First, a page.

NUNTA MUTA (SILENT WEDDING)—Another film based on a recent historical tragedy, this Romanian movie contains one of the most memorable comic scenes I’ve ever shared with an audience. The story takes place in 1953 in a small village in Romania, past of but not yet wholly under the control of the Soviet Union. Like one of Emir Kusterica’s movies about boisterous Serbians (Underground, Black Cat White Cat), much of actor/director Horatiu Malaele’s film is spent casually observing the comical lifestyles of the locals, who are far more interested in alcohol, music and fornication than the threat of Soviet repression. A wedding would seem to be the perfect outlet for all of these interests, and the villagers is just about to rip into a big one when they are informed that due to the death of Stalin a policy of silence will be enforced for two weeks. Having made too many preparations for an elaborate feast, they instead decide to hold it indoors later that night. This extended sequence of a roomful of people trying to hold a perfectly silent celebration (including musicians miming playing their instruments) provoked patches of giggling in the theater that grew in intensity until the entire room was enveloped in a weird kind of muffled hysteria. It’s one of the most memorable filmgoing experiences I have ever had, spoiled somewhat by a 180 degree turn the movie takes at the height of the scene into tragedy.

MEIN KAMPF—Not to be confused with My Führer, the controversial 2007 comedy by German director Dani Levy (Go for Zucker) that has recently been playing in some American cities, this is another German film that paints what sounds like an uncomfortably flippant portrait of the notorious dictator. In the early 1900s, an aspiring artist shares a flophouse room with two older men who try to help him pass his entrance exam into the Vienna Academy of Fine Arts. The artist is a young Adolph Hitler, and his kindly, paternal friends are a pair of Jews with artistic aspirations of their own. Adapting a theater piece by George Tabori, director Urs Odermatt generally avoids slapstick to paint a black-comic burlesque, in which large doses of Jewish humor comment on a troubled personality’s trajectory into evil.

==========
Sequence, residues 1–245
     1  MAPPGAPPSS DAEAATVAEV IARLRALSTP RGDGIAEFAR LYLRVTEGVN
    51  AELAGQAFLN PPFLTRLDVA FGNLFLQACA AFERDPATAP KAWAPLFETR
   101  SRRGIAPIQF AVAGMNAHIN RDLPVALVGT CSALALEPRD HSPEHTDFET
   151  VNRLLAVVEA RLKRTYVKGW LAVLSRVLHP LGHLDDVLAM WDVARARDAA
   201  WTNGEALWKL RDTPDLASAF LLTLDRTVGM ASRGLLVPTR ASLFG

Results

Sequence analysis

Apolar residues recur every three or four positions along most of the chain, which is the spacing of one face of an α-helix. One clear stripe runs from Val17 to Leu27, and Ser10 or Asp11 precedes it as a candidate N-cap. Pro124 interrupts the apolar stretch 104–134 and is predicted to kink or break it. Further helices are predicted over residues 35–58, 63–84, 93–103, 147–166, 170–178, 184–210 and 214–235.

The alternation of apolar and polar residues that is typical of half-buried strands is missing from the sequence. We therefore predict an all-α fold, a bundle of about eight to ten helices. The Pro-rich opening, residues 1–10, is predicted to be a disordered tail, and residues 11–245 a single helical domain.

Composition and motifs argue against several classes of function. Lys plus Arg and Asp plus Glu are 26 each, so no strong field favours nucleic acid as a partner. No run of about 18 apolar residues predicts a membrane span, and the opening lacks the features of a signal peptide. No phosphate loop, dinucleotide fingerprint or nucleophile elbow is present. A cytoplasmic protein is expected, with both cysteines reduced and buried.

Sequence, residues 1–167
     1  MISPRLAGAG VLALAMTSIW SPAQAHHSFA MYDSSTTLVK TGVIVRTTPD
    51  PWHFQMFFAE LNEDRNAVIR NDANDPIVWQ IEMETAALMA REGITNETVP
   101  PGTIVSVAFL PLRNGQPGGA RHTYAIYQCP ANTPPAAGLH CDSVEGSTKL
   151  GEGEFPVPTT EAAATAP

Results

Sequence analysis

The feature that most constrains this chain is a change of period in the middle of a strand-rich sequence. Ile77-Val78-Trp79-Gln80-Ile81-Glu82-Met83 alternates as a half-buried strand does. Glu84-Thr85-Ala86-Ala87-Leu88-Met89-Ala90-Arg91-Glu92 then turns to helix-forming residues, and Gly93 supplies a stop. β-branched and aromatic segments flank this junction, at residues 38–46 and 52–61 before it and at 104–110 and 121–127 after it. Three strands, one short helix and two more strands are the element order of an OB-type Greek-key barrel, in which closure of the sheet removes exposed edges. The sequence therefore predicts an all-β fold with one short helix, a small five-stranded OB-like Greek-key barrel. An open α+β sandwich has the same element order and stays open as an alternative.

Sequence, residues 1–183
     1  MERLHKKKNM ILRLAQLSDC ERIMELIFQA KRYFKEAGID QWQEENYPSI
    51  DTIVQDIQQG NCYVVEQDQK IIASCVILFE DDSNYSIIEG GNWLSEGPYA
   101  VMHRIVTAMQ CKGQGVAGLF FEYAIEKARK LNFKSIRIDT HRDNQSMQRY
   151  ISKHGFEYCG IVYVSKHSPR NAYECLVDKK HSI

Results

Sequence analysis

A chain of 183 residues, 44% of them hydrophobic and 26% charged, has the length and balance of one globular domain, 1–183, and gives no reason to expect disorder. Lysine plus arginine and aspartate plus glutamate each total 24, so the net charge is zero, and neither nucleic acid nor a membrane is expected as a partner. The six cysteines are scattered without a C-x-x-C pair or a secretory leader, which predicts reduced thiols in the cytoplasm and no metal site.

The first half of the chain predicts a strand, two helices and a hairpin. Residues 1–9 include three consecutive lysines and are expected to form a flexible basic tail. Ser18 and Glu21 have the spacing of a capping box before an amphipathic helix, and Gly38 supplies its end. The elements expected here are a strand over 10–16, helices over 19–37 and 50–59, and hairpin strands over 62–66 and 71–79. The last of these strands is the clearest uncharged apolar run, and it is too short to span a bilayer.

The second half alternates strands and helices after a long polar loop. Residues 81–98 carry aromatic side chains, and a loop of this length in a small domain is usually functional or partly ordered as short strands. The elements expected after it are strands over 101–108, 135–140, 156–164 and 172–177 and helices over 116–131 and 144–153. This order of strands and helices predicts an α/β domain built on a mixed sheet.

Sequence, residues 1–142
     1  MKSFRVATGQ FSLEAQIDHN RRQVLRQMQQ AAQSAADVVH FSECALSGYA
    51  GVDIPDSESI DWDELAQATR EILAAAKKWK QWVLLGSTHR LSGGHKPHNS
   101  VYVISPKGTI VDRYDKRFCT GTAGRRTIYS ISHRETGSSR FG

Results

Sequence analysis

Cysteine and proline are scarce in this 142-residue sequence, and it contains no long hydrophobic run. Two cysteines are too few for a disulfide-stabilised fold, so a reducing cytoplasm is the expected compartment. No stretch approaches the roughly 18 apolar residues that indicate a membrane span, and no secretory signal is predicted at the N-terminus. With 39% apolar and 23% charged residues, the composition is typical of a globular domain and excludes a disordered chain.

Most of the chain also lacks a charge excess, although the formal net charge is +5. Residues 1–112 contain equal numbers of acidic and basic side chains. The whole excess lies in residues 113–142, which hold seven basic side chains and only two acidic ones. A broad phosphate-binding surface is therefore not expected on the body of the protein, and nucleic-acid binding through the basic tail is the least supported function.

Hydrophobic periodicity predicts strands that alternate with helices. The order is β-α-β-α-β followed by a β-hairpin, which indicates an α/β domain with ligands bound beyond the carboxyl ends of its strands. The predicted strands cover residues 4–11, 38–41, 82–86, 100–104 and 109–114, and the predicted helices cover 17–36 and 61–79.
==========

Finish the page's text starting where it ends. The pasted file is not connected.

POLTORY KOMNATY ILI SENTIMENTALNOE PUTESHESTVIE NA RODINU (A ROOM AND A HALF)—The first live-action film by veteran Russian animator Andrey Khrzhanovsky, who is 69, packs a long lifetime’s worth of observations and memories into a delightfully playful exercise in imagination. Using the work of Russian-born poet Joseph Brodsky (who emigrated to the United States, where he was named poet laureate in 1991), Khrzhanovsky uses Brodsky’s life in the 1940s and 50s as a palate to remember the glories of Russian culture, tinged with sadness at their loss.